Ganz says aggressive surgery may be appropriate in young gene carriers, who have a 60% lifetime risk of developing another breast cancer in the opposite breast. Some of these women also opt to remove their ovaries, a surgery that also reduces their risk of future cancers.
And while studies have sometimes produced conflicting results, there’s no clear evidence that removing the healthy breast actually improves survival, even for women with the mutations, says a 2010 article in Annals of Surgical Oncology by surgeon Katharine Yao.
That’s partly because of their low overall risk and because doctors monitor cancer survivors so closely, Ganz says. Overall, a woman’s chances of survival are based more on the aggressiveness of the first tumor than the appearance of second cancers, according to Yao’s study. Only 2.5% of breast cancer deaths are a result of tumors that develop in the opposite breast, her study says.
And mastectomy isn’t the only way to reduce the risk of future cancers. In her study, Yao notes that chemotherapy and hormonal therapies also can help women stay cancer-free.
Some doctors are concerned that women overestimate the benefits of mastectomies.
For example, actress Wanda Sykes announced last month that she now has “zero chance of having breast cancer” after a double mastectomy. Sykes had the surgery after doctors discovered tumor cells called DCIS, or ductal carcinoma in situ, which doctors view as either a very early breast cancer or a precancer, in her left breast.
Mastectomy reduces the risk of cancer by 90%, but tumors can still grow back in scar tissue or under the arm, Ganz says. Sykes has said she has a family history of breast cancer but has not publicly said whether she carries genetic mutations.
‘Enormous climate of fear’
Surgeon Susan Love, author of Dr. Susan Love’s Breast Book, says doctors need to make sure that women have all the facts and don’t fall prey to “wishful thinking” about aggressive treatment. “Women think, ‘If we offer up our breasts to the gods, we will get our lives back,’” says Love.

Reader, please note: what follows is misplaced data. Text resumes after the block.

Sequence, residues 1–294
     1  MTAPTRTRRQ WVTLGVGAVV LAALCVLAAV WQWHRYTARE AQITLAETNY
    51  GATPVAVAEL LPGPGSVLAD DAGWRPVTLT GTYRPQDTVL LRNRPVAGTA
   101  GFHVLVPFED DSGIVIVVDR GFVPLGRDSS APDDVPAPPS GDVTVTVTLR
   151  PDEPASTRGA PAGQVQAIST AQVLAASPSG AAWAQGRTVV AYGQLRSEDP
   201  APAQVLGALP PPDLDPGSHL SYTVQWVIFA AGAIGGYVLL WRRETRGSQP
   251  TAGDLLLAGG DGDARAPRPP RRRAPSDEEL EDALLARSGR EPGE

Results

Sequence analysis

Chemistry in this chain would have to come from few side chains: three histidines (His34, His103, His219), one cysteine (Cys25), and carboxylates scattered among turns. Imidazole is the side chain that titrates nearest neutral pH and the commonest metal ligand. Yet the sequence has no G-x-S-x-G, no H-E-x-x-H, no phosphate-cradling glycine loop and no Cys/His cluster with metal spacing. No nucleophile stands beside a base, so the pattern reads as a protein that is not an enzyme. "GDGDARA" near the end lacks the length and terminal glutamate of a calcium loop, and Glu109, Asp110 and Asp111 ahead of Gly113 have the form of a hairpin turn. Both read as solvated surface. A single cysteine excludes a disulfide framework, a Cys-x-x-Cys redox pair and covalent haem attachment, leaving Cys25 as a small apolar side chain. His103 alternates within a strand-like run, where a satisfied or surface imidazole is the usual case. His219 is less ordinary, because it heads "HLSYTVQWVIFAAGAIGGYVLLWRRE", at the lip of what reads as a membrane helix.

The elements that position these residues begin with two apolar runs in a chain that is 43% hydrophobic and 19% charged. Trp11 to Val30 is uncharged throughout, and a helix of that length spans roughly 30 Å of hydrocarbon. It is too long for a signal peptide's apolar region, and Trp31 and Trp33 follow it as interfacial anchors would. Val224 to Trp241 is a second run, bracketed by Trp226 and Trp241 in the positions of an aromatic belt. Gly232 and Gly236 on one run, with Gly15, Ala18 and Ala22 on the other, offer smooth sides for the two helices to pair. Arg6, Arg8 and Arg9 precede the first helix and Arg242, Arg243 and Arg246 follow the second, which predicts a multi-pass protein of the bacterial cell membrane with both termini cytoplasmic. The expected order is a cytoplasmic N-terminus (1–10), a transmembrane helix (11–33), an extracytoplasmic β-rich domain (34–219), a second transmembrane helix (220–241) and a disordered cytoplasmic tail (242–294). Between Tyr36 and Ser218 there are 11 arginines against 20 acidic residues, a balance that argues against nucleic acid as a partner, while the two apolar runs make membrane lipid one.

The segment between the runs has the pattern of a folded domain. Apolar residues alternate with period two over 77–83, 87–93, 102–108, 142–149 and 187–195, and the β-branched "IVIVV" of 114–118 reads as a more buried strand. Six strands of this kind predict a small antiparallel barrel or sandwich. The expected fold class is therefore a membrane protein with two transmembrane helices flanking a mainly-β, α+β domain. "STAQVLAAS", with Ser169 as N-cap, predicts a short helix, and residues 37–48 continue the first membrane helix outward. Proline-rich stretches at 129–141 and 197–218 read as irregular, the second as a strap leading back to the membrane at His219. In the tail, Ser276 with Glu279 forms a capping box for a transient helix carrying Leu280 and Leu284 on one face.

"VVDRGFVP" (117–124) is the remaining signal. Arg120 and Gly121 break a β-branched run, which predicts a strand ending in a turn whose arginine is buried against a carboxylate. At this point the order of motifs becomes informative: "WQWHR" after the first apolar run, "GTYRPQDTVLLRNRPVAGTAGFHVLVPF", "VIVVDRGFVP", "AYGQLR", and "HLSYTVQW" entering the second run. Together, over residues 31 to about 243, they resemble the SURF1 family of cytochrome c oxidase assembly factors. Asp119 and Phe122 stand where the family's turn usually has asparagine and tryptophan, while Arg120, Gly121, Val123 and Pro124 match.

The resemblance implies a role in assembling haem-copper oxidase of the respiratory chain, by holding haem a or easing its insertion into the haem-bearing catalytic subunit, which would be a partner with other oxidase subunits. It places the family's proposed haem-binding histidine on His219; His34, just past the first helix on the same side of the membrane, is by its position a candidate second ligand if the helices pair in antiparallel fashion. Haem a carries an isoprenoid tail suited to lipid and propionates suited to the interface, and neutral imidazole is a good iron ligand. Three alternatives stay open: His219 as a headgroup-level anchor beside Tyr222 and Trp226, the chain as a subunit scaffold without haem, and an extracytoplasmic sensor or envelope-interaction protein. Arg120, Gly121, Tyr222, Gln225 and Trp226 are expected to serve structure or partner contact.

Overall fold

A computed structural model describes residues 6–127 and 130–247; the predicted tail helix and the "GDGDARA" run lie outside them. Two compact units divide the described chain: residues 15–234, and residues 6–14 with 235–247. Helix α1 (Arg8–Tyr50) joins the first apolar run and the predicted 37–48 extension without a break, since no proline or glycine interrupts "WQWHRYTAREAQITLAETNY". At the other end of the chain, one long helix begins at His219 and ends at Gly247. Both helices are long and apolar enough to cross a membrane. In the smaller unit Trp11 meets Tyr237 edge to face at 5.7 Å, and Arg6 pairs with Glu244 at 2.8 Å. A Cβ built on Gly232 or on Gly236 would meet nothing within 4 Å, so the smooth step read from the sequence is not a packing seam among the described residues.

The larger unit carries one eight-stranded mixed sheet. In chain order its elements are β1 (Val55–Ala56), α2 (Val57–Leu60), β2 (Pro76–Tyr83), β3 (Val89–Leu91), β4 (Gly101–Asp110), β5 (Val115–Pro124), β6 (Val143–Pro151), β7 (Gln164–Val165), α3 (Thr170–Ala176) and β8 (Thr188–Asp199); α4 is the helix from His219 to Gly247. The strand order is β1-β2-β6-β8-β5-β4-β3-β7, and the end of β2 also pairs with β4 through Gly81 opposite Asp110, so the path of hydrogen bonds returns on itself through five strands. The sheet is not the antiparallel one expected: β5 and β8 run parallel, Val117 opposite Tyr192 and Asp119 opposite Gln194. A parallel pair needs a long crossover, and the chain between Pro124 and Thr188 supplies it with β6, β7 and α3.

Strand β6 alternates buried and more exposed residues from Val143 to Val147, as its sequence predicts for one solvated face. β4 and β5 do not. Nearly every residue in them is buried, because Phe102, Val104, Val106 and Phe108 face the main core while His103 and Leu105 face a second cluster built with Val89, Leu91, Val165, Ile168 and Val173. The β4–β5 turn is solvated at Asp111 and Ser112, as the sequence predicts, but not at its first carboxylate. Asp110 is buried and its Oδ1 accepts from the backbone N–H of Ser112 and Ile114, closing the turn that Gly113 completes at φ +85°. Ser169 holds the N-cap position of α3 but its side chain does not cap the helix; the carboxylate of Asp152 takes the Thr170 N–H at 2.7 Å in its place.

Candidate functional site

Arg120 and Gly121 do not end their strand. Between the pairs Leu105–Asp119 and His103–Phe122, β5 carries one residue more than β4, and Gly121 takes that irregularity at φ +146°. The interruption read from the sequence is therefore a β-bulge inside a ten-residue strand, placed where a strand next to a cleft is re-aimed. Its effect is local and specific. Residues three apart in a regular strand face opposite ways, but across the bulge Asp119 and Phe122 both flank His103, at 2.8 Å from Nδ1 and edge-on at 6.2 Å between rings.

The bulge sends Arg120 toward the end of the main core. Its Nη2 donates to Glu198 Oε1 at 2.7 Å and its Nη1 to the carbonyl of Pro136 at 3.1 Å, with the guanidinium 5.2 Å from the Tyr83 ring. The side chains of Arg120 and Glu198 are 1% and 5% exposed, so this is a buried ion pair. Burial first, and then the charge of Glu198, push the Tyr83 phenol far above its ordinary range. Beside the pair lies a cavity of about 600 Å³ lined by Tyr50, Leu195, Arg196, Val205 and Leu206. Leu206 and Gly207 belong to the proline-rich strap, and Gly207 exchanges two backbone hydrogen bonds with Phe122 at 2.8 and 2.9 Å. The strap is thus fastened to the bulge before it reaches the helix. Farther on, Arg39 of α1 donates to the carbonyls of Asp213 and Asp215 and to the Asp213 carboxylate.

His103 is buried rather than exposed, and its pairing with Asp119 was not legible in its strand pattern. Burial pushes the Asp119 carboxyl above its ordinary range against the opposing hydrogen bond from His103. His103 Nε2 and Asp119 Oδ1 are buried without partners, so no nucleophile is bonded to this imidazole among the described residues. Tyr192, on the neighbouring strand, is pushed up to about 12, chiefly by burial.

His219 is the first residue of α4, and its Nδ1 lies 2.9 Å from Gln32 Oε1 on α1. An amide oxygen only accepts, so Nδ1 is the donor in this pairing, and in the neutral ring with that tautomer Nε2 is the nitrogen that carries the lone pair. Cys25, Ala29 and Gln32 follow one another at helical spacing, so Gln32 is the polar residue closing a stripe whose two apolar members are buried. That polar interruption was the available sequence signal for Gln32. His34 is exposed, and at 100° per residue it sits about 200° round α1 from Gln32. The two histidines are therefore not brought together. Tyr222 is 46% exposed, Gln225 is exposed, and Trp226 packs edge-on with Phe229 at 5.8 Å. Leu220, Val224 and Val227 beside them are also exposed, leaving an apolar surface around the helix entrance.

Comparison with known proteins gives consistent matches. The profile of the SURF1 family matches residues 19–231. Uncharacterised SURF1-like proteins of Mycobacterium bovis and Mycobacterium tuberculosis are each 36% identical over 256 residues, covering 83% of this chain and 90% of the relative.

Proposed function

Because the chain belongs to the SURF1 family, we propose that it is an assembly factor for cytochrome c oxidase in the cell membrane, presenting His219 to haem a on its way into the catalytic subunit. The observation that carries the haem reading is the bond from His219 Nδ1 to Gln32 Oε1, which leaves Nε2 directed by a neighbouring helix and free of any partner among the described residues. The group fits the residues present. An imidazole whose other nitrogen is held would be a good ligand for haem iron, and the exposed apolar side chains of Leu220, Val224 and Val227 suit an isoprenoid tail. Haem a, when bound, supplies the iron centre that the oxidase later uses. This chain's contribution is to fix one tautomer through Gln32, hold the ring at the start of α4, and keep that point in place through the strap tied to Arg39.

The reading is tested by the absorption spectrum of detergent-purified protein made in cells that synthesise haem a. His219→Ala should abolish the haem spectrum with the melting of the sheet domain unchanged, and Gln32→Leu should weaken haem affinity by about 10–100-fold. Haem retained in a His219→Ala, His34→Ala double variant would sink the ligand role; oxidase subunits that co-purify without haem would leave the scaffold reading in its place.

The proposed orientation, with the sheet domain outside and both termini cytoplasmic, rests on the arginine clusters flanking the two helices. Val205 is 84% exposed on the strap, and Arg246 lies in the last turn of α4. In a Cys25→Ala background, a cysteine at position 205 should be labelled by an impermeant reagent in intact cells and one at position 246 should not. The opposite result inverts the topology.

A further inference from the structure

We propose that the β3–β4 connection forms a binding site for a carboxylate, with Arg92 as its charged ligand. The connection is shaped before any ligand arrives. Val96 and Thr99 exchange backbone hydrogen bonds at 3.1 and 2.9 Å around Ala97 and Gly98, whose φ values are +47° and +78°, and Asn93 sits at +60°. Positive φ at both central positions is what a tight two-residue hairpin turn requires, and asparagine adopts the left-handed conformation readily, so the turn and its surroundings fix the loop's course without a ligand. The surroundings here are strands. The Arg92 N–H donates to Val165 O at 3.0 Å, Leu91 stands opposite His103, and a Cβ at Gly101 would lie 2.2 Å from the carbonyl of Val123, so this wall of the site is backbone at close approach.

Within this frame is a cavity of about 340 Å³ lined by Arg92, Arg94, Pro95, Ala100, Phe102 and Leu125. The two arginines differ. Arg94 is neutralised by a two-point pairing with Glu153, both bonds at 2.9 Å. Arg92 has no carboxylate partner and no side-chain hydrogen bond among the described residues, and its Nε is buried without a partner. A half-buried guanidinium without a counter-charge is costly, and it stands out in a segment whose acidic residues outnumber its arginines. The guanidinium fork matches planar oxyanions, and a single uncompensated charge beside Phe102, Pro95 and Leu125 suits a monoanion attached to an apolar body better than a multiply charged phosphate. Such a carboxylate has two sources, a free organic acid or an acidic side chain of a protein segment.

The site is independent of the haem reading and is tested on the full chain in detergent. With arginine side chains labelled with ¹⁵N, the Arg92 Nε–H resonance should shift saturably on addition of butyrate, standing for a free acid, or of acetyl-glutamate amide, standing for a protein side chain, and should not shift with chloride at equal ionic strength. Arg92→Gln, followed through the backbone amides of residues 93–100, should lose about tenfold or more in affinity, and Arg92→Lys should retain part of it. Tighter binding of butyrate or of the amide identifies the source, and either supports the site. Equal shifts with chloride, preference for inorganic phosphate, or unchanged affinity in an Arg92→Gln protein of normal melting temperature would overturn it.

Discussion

“There is an enormous climate of fear, whether that’s from Breast Cancer Awareness Month or the news media the other 11 months of the year,” says Monica Morrow, a breast cancer specialist at Memorial Sloan-Kettering. “The only thing you ever hear about breast cancer is about some woman who’s dying because she didn’t get treated in time.”
Otis Brawley, chief medical officer at the American Cancer Society, says his organization constantly struggles with the question “How can we accurately portray the concerns about breast cancer without overly alarming people?”
Adams says she carefully weighed her options. She dreaded the thought of going through decades of mammograms, biopsies and other tests. A double mastectomy also offered cosmetic advantages, she says, allowing her plastic surgeon to make her breasts symmetrical.
No regrets about her choice
“The decision to remove the breast that was seemingly cancer-free was an easy one for me,” Adams says. “That roller coaster of emotions each time is something I didn’t want to deal with. … I was treating my cancer aggressively so that I could put some of those emotions of fear and worry behind me.”
Follow-up tests further convinced Adams that she had made the right decision: Doctors learned that her cancer was larger than they had originally realized, and it had even spread to one of her lymph nodes. Doctors also found abnormal cells in her healthy breast.
Adams also had four months of chemotherapy. Then, at age 39, she had her ovaries removed, a surgery that reduces her body’s exposure to estrogen, which can fuel breast tumors.
Five years later, Adams says she feels comfortable with her choices. Her husband also has supported her decisions. With cancer taking away so much control, Adams says, aggressive treatment allows women “to take control over something that they can control.”